Tesla has unofficially topped J.D. Power’s APEL study, which tests how emotionally an owner connects to their new car. This is the 26th time JD Power has conducted an APEAL study, and for the second year in a row, Tesla has unofficially taken the top prize.
APEAL stands for Automotive Performance, Performance and Layout, and ranks how owners feel after 90 days of ownership. Connecting emotionally to a vehicle is when a buyer is truly excited about their purchase, and once again, Tesla managed to provide that most of the time.
“One of the biggest factors driving the industry’s recovery this year is the introduction of very attractive new models,” said JD Power’s Director of Global Automotive David Amodio. “The Appeal study measures owners’ emotional attachment to their new vehicle, and the product launched this model year has worked really well. Some are brand new, and some are redesigned, but the new launch shows That automakers are getting even better at hitting buyers’ emotional triggers.
Tesla scored three fewer points than last year with 893. The highest possible score is 1,000 points based on the owner’s responses.
J.D. Power wrote that Tesla had the highest unofficial score in the study. The score is technically unofficial because Tesla does not allow J.D. Power to survey its owners in the fifteen states where permission is required. Tesla’s score was calculated based on sample surveys of owners in another 35 states. JD Power wrote:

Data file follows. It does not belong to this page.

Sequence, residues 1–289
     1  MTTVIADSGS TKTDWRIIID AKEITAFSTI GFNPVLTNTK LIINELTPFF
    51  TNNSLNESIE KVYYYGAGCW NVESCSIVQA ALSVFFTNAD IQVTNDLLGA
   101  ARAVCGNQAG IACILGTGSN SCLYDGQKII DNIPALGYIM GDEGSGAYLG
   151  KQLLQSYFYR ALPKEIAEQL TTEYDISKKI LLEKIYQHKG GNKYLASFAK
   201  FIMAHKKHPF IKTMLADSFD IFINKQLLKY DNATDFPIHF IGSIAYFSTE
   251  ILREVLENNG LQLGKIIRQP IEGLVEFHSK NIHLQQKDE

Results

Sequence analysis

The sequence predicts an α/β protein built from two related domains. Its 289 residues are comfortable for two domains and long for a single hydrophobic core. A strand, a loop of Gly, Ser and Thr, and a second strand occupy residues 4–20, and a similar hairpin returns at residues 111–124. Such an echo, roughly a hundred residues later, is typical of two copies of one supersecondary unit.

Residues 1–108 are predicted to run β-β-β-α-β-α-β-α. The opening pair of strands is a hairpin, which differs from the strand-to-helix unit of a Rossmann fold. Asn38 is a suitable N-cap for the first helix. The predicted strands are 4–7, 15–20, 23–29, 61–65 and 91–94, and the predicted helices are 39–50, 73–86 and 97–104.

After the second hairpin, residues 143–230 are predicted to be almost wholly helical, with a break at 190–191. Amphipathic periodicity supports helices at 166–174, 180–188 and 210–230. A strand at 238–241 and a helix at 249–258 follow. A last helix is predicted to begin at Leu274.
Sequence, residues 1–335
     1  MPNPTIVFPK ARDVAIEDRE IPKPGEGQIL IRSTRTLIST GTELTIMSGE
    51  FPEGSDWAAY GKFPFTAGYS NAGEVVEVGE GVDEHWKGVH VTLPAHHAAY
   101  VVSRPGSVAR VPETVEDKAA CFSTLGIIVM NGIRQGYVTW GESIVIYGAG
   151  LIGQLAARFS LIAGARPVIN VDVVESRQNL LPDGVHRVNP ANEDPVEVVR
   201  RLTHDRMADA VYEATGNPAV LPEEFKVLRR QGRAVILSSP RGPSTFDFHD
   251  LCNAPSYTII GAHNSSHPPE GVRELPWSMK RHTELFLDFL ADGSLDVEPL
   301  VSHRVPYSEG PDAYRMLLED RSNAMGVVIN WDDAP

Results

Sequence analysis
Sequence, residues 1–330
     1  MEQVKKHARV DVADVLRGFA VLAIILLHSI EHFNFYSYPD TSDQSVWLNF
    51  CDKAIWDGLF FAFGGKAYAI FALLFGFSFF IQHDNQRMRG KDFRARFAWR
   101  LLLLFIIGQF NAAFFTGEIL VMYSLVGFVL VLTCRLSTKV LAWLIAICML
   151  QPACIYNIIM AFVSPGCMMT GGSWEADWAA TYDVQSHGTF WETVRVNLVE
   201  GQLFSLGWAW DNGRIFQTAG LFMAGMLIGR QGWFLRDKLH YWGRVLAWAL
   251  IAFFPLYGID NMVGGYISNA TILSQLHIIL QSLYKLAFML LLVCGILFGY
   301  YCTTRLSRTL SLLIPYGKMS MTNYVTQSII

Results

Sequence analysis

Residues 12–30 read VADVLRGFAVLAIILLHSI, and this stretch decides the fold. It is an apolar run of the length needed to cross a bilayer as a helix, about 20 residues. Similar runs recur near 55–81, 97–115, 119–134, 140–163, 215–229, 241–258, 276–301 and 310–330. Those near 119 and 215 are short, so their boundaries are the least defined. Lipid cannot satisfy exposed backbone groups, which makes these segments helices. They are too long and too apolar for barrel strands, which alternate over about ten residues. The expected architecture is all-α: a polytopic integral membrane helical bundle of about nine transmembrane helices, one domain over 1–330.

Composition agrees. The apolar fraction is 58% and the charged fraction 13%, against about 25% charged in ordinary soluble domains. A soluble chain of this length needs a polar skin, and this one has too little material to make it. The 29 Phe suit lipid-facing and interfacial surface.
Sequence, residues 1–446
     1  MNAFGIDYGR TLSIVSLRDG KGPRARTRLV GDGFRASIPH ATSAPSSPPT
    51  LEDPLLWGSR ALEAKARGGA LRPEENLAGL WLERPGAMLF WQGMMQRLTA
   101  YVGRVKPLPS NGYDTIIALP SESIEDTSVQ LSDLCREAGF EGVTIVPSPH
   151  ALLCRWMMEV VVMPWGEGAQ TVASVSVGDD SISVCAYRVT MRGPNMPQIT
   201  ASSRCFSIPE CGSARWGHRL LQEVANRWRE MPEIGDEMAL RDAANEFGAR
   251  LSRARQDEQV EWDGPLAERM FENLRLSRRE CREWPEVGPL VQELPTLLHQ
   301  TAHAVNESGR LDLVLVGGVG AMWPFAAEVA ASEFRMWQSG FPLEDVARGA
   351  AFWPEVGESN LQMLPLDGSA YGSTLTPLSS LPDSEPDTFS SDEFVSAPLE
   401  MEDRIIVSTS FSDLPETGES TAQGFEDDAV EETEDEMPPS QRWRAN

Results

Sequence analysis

“Tesla received an APEAL index score of 893, which is three points lower than last year. The automaker is not officially ranked among the other brands in the study because it did not meet the ranking criteria. Unlike other manufacturers. “
Tesla was followed by Porsche with a score of 882, Genesis and Land Rover with a score of 879, and Lincoln with a score of 876. The mass-market brands were led by Dodge (882), Ram (881) and Nissan (866).
In February, Tesla ranked 30th out of 33 manufacturers in the J.D. Power Vehicle Dependency Survey, which tracked 177 specific problems in eight different categories. The survey showed that Tesla had 176 issues per 100 vehicles. Once again, Tesla did not allow J.D. Power to survey its owners directly, but enough data was given through independent sources to give the company a qualifying score.
Interestingly, the claimed issues from the Vehicle Dependency Survey do not align with the APEL study, as Tesla once again tops the list.
The full press release for the 2021 appeals study is available below.
2021078 Scribd. On US Appeal by Joy Clender